In the aftermath of Putin’s catastrophic war on Ukraine, Russia will never be the same
With reports of Russian troops fleeing like “Olympic sprinters,” leaving behind weapons, crashing their tanks into trees, and turning over more than 3,000 square kilometers of previously held territory to Ukraine, it is only natural to ask: How bad can it get for Russia?
Ukraine’s President Volodymyr Zelenskyy offered stirring video remarks this weekend that doubled down on his commitment to defeat the invaders completely, to push them out of the borders of Ukraine.
We can’t know whether that goal will be achieved, or if it is how long it will take. But what we can see, yet again, is that Vladimir Putin’s decision to launch a broader invasion of Ukraine last February was a devastating miscalculation.
Experts with whom I spoke all agreed that the war will have long-lasting implications for Russia and, as a consequence, for geopolitics. At the very least it puts to rest for the foreseeable future Putin’s notion that he will oversee the rebirth of Russian greatness, of a new Russian empire. At worst, it means that Russia’s decades-long slide that led to its Cold War collapse (and its struggles ever since) will be accelerated, and the country will be consigned by its floundering dictator to a period of greatly diminished global influence.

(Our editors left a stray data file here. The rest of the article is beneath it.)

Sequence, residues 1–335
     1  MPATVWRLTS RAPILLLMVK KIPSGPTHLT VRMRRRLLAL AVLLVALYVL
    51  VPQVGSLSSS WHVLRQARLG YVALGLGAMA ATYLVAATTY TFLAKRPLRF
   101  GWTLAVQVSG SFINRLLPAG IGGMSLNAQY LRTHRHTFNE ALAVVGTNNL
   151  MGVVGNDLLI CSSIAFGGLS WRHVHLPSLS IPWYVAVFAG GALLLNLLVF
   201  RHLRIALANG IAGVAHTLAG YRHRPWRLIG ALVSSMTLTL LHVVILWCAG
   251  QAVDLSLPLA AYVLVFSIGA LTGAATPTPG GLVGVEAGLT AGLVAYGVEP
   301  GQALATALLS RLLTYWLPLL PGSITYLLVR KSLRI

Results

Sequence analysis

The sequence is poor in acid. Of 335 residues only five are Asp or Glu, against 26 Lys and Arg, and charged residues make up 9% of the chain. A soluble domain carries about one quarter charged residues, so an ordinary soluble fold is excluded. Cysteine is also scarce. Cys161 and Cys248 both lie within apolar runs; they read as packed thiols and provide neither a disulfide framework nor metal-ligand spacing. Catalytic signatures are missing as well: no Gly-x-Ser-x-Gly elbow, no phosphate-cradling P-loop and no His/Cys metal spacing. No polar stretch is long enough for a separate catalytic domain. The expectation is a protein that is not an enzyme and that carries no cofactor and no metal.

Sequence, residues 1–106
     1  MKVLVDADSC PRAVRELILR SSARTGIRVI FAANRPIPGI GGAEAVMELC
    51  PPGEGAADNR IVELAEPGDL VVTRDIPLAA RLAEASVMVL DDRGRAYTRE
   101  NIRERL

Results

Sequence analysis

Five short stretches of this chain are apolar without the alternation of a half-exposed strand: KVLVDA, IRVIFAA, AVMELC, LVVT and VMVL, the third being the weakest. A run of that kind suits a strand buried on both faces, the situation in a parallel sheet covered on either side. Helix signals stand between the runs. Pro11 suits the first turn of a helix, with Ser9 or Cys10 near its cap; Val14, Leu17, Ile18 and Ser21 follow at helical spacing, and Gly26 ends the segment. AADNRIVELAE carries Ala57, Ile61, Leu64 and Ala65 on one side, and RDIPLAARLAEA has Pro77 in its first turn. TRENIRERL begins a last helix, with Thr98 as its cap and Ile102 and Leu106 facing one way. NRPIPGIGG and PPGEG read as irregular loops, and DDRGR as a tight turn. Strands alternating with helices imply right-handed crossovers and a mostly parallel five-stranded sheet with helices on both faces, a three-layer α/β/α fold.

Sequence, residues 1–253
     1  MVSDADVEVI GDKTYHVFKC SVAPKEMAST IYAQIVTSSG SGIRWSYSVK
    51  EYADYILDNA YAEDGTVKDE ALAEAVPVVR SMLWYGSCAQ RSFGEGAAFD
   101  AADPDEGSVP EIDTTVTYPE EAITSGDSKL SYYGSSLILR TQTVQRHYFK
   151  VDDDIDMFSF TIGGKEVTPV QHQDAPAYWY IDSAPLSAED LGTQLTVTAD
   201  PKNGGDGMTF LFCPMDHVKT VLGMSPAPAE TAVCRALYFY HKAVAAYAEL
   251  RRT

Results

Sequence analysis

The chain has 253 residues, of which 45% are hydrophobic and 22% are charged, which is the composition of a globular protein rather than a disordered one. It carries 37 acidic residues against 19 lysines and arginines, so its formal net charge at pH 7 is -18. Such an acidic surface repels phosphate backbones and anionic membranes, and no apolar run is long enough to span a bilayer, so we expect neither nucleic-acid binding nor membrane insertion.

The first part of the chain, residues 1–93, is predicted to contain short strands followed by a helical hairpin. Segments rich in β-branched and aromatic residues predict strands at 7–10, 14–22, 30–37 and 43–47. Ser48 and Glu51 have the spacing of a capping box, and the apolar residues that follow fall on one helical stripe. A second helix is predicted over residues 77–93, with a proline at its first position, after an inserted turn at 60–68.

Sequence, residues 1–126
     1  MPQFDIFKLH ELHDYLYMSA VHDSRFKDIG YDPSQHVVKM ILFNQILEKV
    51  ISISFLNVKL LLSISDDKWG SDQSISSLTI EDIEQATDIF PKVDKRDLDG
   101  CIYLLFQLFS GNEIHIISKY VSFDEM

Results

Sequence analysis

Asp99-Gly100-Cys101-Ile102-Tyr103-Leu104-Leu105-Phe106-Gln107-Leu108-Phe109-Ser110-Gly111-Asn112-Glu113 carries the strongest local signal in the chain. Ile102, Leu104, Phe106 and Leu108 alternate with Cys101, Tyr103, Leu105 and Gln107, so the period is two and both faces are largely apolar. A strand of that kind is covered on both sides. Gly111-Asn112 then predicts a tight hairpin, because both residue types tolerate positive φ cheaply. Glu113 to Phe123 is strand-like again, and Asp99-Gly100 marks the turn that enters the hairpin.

Former U.S. Ambassador to NATO Ivo Daalder described the stakes trenchantly: “Russia ceased being a great power a long time ago. It never really recovered from the collapse of the Soviet Union, itself the product of a decaying ideology and system.” Daalder said Putin came to power when “Russia was in a state of deep dysfunction” and that he subsequently “set out to build a deeply kleptocratic system that benefited him and his cronies at the expense of the entire society.” This, according to Daalder, has manifested itself with “a military that is unable to engage in modern warfare of maneuver, which after six months still hasn’t established air superiority.”